This applied to the boss fights as well. While more restrictive and difficult in terms of their potential for utilizing everything the Frogun can do, their gameplay always served to test how well I'd learned a given mechanic in past levels. Overcoming them felt like proof that I'd mastered it, and made every prior failed attempt feel worth the time sink.

Throw in the two-player mode that allows players to enjoy at least a small piece of the game together, and the title left me having more fun than I'd had with a platformer in a long time.

Frogun Boss Fight Screenshot
The game's boss fights will typically test your knowledge of the core mechanics, so be prepared.

Or at least, it did so long as Frogun's more marked flaws weren't bubbling to the surface.

Probably the worst of these are the more janky elements of traversing with the Frogun. While many mechanics work as intended, the long-range and aerial grappling can be very temperamental. Failing to grapple to an exact point on an object can result in colliding with a platform in the wrong way, or colliding with an additional object that throws off one's positioning. These are easy enough to solve with some trial and error experimentation thanks to the game's quick reloads and checkpoints, but can also lead to undue frustration and confusion.

This can then be compounded by losing collectibles. Like most other platformers, Frogun has a metric ton of collectibles to track down. Most are obtainable by gathering them while playing through a level, and some, in particular, can be tricky to get a hold of. This makes it all the more frustrating that collectibles gathered aren't saved unless the player reaches a checkpoint. Any and all collectibles gathered before or after that point won't be saved unless the checkpoint is visited again or a new one is found, forcing one to re-gather everything they might have lost due to the necessity for trial and error.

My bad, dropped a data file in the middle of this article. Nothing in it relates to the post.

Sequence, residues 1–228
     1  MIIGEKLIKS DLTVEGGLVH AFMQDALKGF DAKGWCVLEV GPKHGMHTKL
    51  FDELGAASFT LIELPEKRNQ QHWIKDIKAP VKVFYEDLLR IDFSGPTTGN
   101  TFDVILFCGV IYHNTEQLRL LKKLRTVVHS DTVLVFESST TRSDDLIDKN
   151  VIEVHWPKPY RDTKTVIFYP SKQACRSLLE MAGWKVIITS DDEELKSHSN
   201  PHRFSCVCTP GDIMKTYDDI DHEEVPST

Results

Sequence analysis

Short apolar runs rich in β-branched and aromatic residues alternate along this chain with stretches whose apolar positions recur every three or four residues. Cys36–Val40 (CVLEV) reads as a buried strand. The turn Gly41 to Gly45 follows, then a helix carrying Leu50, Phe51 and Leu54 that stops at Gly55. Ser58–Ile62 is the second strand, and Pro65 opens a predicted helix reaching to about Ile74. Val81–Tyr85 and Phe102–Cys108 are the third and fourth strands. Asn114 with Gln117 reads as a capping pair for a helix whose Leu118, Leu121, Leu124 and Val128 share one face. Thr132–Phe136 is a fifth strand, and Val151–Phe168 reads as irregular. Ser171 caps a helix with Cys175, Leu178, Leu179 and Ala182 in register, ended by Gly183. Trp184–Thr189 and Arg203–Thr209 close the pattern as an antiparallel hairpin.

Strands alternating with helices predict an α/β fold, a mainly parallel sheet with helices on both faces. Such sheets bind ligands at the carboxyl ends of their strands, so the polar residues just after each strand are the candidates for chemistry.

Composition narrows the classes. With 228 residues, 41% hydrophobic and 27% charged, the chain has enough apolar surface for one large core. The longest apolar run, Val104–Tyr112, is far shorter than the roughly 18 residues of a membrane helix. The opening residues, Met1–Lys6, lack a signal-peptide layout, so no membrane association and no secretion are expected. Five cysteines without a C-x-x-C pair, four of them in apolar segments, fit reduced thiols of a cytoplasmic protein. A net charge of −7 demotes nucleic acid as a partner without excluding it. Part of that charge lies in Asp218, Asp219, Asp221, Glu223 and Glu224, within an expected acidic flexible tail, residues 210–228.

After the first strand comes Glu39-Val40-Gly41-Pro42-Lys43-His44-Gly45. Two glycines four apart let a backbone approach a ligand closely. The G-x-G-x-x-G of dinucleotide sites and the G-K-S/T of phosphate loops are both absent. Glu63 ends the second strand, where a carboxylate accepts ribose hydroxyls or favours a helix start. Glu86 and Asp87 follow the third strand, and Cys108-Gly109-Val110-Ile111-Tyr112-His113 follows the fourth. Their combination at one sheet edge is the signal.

Topping all this off are run-of-the-mill glitches and bugs that occur at the worst times. In particular, the game can crash during the more busy boss fights where multiple objects are on screen at once. This means players will need to restart the game and boss level from scratch, undoing what might have been a winning run. While the boss levels are never too long and it's easy enough to get back to them, it's still immensely frustrating to have this happen, and can suck the wind out of most anyone's sails.

Frogun Review | Final Thoughts

To be clear, Frogun is still worth playing. It's ideas are fresh, its design is mostly solid and it has an aesthetic I'd love to see more of. It just isn't a perfect experience, and there are several points Molegato can and should work on in a sequel or whatever else comes next.

TechRaptor reviewed Frogun on PlayStation 5 with a copy provided by the developer. It is also available on PlayStation 4, Xbox Series X, Xbox One, Nintendo Switch, and PC.

Review Summary

Frogun is a heartfelt addition to the wider Platformer genre, bringing some fun new ideas and charm to the table. It's far from a perfect game though, and its flaws hold it back from being an amazing experience. (Review Policy)


  • Inventive Platforming Mechanics
  • Charming Design and Characters
  • Upbeat Music and Sound Design


  • Traversal Mechanics Need More Polish
  • Clashing Design Choices
  • Annoying Bugs and Glitches
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Release Date
August 2, 2022 (Calendar)